Michael Avenatti gained notoriety by representing pornographic film actress Stormy Daniels in her lawsuits against former President Donald Trump. At the height of Avenatti’s campaign to destroy the president, the establishment media had become so enchanted with him he was considered a serious contender for the 2020 Democratic presidential nomination.
The former media darling was convicted of attempted extortion and fraud against Nike in February 2020. In July, he was sentenced to 2 1/2 years in prison.
Avenatti is now under house arrest in Venice, California, as he prepares his appeal in a separate case.
Los Angeles Magazine reported that Avenatti has filed a $94 million lawsuit against the government claiming he was “kept under inhumane conditions in a high-security cell once occupied by El Chapo.”
The disgraced attorney served 74 days in solitary confinement in the Metropolitan Correctional Center’s “10 South.” According to LA Magazine, other inmates incarcerated in 10 South at the time included several “suspected terrorists and a CIA officer accused of treason.”
In a December email to the outlet, Avenatti described 10 South as “six cells designed to hold the most dangerous individuals on the planet.”
“It was built in response to 9/11 and the UN has described the conditions as torture. And they are,” he wrote. “You can’t even be placed there absent an order from the Attorney General. Trump and [Attorney General Bill Barr] targeted me and did everything in their power to break me.”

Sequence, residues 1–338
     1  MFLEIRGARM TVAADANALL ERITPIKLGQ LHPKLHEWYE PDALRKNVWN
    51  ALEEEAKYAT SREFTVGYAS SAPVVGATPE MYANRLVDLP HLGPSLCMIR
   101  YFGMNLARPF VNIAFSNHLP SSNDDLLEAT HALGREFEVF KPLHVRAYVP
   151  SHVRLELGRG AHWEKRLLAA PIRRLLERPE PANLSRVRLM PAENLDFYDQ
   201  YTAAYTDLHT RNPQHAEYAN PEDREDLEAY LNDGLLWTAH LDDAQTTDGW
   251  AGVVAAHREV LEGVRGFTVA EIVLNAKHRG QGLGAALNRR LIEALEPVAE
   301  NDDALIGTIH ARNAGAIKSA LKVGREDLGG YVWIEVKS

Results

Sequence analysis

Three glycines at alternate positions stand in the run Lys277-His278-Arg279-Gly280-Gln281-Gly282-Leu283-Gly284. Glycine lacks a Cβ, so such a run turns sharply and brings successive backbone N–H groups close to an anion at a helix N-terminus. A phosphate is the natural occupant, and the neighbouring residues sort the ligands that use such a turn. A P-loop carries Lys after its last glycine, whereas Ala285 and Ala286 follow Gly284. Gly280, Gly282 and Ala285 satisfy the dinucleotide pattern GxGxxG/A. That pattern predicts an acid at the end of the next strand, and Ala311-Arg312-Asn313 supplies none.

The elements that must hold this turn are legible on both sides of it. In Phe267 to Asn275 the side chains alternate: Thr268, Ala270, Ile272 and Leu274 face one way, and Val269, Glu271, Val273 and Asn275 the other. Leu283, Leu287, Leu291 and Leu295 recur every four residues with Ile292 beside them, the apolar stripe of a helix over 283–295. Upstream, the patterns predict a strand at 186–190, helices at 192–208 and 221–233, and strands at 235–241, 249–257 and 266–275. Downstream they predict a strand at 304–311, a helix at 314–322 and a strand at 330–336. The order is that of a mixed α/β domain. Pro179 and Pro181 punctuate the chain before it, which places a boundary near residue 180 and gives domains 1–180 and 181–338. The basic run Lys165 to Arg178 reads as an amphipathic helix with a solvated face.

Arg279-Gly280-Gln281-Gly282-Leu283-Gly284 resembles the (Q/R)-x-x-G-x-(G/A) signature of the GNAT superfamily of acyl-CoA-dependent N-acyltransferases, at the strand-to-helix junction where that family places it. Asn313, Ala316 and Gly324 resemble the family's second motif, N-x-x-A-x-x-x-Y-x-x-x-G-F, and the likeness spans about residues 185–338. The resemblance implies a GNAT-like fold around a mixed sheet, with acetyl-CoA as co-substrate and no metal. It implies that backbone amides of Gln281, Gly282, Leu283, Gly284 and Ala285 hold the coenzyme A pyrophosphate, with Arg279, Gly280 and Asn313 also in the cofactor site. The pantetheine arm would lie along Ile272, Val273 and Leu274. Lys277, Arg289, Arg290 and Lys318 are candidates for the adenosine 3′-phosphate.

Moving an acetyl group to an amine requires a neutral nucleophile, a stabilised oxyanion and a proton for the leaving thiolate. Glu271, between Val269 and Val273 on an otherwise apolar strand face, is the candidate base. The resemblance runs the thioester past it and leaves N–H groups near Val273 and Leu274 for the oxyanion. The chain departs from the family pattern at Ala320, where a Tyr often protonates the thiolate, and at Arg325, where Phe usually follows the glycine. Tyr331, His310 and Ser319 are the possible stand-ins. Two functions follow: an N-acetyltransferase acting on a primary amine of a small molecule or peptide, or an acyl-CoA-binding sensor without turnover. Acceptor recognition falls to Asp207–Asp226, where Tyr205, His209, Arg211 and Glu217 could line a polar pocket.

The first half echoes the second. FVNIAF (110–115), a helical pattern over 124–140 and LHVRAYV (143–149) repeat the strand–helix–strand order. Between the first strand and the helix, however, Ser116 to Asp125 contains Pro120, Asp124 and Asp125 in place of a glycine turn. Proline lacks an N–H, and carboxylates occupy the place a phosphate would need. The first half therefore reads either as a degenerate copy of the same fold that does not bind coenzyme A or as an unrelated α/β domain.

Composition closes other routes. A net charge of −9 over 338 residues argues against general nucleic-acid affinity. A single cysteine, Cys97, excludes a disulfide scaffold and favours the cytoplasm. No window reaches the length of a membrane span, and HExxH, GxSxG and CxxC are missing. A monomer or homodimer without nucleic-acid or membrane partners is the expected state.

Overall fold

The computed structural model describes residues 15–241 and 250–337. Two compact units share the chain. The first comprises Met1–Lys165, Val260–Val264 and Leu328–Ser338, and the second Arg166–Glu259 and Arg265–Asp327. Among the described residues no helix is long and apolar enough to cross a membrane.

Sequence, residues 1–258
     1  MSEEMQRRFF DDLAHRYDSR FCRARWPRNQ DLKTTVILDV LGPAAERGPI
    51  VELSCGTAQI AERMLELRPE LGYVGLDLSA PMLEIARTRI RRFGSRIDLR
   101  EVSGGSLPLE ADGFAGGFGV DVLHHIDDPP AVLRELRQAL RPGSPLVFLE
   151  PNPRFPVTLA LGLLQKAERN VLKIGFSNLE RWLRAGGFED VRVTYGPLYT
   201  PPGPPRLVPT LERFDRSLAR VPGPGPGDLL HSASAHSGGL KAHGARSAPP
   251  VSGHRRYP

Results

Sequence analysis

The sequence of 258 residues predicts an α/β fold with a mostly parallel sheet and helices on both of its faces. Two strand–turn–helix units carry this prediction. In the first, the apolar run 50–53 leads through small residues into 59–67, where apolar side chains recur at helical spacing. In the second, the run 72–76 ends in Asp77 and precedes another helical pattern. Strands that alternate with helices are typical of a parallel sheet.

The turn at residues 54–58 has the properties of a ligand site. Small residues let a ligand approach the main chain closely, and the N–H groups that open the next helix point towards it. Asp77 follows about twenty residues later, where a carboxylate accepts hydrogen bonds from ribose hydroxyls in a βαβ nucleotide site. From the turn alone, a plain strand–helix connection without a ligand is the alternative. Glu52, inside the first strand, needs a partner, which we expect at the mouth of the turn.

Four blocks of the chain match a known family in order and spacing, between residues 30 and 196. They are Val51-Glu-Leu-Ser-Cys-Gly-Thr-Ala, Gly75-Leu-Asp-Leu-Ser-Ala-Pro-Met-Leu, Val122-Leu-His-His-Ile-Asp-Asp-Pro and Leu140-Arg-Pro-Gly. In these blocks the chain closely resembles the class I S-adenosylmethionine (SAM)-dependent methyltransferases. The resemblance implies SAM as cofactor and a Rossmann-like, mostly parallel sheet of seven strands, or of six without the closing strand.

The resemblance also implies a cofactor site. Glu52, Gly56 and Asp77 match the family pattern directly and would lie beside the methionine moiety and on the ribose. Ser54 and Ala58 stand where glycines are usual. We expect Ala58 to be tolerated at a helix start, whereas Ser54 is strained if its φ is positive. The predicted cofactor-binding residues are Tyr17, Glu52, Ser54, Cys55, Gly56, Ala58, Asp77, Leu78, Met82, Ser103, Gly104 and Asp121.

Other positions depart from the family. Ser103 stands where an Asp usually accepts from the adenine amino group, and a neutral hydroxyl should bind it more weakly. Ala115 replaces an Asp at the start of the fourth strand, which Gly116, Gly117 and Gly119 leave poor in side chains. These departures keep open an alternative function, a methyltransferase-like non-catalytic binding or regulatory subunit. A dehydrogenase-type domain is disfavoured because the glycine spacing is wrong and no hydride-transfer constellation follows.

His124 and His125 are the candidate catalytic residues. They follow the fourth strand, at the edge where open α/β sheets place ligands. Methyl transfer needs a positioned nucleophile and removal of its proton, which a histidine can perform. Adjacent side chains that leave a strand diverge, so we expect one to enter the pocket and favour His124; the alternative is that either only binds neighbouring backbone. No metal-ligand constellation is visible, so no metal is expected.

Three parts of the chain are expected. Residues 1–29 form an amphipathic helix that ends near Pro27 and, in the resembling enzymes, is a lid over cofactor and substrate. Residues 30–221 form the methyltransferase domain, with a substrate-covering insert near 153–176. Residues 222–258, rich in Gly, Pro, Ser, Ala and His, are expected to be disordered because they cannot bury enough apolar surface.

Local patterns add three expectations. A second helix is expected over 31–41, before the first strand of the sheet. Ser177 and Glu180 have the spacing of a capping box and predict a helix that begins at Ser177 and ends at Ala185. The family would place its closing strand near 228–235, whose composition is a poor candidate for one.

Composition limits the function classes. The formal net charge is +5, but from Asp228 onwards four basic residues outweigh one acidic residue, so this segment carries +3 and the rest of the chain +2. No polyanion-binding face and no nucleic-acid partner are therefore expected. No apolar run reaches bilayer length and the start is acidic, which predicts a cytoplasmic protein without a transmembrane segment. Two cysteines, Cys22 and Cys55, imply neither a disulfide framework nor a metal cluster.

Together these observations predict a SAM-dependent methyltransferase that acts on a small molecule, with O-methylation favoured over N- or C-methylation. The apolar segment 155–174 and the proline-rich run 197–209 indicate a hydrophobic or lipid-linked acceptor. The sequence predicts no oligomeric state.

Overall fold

One of Avenatti’s complaints, according to CBS News, is that the only reading material he was given during his confinement in 10 South was Trump’s “The Art of the Deal.”
According to Avenatti’s lawsuit, “prison officials monitored Claimant through two cameras in his cell and forbade him from communicating with other inmates or covering himself while using the bathroom. A guard was stationed outside his cell 24 hours a day. Guards falsified sign-in sheets and did not conduct regular walk-throughs as required.
“The frosted windows of Claimant’s cell allowed almost no sunlight. Temperatures at night were frigid. He was restricted from speaking with friends or family. He was not provided fresh air or recreation.”
Avenatti’s lawyers say “there was no plausible security reason for housing claimant in 10 South. … Claimant’s confinement to 10 South was retaliation for claimant’s criticism of President Trump and other federal government employees, including the Attorney General.”
In a Thursday email, Avenatti added, “A federal district court judge has found that I was held under terrible conditions and that it was hard to believe it could occur in the United States of America. … I agree and look forward to holding Trump and Barr accountable for what they did to me in the interest of politics and revenge. I’m not done fighting.”
Avenatti recounted his experiences in 10 South in a Politico profile in December. It is entitled, “‘Have I Hit Bottom?’: Michael Avenatti and the Fall of a Trump-Era Antihero.” Its subtitle: “The man once seen as a leader of the Trump resistance is now fighting prison — and historical obscurity.”
The New York Times reported that Avenatti faces trial in a separate case in a few weeks. He is alleged to have stolen $300,000 from Stormy Daniels.
And, according to CBS News, he may face another trial “over allegations he stole millions of dollars from clients.” A previous trial in this case ended in a mistrial in August.
It’s unclear how many of Avenatti’s claims are based in reality. Some of them, like only having access to “Art of the Deal,” border on the comical.
Like every American, Avenatti is entitled to his day in court. But let’s not forget how he made a name for himself by bringing accusers forward no matter how wild their stories.